However, this is not over yet.

On November 6, 2020, the FDA’s Peripheral and Central Nervous System Drug Advisory Committee re-applied for Biogen, and most members voted against it.

In April 2021, Caleb Alexander, Scott Emerson, and Aaron Kesselheim, three members of the US FDA’s Peripheral and Central Nervous System Drug Advisory Committee, published an article in the JAMA journal criticizing aducanumab, saying that Biogen is shooting arrows first and then drawing targets.

The future of aducanumab, which has come back from the dead, is still uncertain. The outside world is still full of doubts about whether the FDA will approve the Alzheimer’s drug candidate aducanumab developed by Biogen and Eisai, which also makes it the most watched drug development story in 2021 ( one).

 

 

The first new drug for Alzheimer’s disease approved by the FDA in 18 years

On June 7th, local time in the United States, the FDA announced the accelerated approval of aducanumab developed by Biogen to treat patients with Alzheimer’s disease. Aducanumab has also become the first new treatment approved for Alzheimer’s disease since 2003.

Exciting: Alzheimer's disease ushered in the first new drug in 18 years

 

 

Failure and hope coexist

In September 2020, Genentech, a Roche company, and its partner AC Immune jointly announced that its in-development antibody drug targeting Tau amyloid, Semorinemab, missed the primary endpoint and two secondary endpoints in the Phase 2 clinical trial. On the day the results were announced, AC Immune’s stock price fell 42%. This failure was named by FiercePharma as one of the top ten failed clinical studies in the world in 2020.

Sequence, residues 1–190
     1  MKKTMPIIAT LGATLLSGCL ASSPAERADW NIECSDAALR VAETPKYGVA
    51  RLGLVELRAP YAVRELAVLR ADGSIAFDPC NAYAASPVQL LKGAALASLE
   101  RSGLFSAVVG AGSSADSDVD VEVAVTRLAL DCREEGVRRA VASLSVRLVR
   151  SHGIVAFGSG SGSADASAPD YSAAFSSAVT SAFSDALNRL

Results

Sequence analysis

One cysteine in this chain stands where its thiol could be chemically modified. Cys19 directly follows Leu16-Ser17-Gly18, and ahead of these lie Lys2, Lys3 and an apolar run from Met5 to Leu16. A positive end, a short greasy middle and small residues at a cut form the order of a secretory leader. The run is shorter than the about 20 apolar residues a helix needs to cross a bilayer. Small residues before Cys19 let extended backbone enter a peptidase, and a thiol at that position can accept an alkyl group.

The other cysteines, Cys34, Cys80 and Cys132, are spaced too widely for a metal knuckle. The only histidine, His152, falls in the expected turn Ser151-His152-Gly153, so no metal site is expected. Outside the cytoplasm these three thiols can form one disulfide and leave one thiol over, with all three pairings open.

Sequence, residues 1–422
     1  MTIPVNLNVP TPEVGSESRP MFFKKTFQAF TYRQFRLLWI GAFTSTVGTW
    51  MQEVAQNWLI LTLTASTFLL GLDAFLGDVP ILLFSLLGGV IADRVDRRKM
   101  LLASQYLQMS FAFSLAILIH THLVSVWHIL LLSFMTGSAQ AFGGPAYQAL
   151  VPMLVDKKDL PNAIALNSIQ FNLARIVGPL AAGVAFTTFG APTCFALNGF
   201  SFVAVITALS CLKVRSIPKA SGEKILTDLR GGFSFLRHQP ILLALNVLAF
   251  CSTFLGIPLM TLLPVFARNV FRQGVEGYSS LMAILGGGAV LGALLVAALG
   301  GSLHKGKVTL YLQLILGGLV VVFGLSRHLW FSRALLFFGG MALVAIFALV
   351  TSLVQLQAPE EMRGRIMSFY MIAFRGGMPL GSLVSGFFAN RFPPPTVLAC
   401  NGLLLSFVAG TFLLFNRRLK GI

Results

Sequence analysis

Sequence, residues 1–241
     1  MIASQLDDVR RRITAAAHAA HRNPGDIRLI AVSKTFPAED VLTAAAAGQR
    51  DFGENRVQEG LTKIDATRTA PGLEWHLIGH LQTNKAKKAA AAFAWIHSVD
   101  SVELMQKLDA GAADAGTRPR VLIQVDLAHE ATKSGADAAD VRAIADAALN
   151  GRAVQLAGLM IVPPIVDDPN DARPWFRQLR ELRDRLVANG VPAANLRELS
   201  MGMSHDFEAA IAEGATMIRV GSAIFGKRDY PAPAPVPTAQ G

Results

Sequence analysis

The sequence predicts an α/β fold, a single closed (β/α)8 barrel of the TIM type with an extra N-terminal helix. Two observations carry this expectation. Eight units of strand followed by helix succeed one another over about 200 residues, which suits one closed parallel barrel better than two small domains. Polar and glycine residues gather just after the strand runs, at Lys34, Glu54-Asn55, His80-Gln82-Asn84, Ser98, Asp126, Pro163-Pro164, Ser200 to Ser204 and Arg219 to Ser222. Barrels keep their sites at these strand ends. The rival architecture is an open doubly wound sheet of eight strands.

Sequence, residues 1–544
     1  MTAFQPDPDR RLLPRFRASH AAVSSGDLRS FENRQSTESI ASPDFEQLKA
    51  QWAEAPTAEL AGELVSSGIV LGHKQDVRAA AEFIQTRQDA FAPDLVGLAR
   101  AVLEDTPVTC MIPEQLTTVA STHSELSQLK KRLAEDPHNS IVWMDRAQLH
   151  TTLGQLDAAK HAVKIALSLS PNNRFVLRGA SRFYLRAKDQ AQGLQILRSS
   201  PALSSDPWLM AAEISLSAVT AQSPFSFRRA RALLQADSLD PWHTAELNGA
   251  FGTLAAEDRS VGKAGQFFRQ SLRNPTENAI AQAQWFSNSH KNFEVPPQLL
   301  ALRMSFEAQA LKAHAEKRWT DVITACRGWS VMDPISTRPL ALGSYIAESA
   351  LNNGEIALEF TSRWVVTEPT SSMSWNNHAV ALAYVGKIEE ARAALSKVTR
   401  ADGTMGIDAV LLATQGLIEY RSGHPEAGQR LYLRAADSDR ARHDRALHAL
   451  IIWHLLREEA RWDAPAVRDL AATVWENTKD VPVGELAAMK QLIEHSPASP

On March 13, 2021, Eli Lilly and Company published a Phase 2 clinical trial paper entitled: Donanemab in Early Alzheimer’s Disease in the New England Journal of Medicine (NEJM), the head of the four major international medical journals.

 

The Donanemab monoclonal antibody targeting β-amyloid (Aβ) developed by Eli Lilly reached the primary endpoint in a phase 2 clinical trial, and the deposition of β-amyloid (Aβ) and Tau amyloid in the patient’s brain was achieved. Effectively clear.

Exciting: Alzheimer's disease ushered in the first new drug in 18 years

Donanemab is a monoclonal antibody developed by Eli Lilly and Company, which can target and bind β-amyloid (Aβ) modified by pyroglutamate at position 2 of the N-terminal to quickly and completely remove amyloid deposits.

In this phase 2 clinical trial involving 257 patients with Alzheimer’s disease, 131 received Donanemab monoclonal antibody treatment developed by Eli Lilly and the remaining 126 received placebo treatment for 72 weeks.

The test results showed that the β-amyloid (Aβ) and Tau amyloid deposits in the patient’s brain were effectively eliminated, and Donanemab monoclonal antibody reached its primary endpoint. In terms of cognition and daily function, these symptomatic early Alz The rate of decline in the Integrated Measurement of Cognition and Daily Functioning (iADRS) of patients with Hemer’s disease slowed by 32%.

Overall, in patients with early Alzheimer’s disease, Donanemab monoclonal antibody treatment can significantly slow the decline of patients’ cognitive and daily function, although the secondary endpoint has mixed results.

Although the field of Alzheimer’s disease has failed frequently, scientists are now finding new hope from these failures.

 

(source:internet, reference only)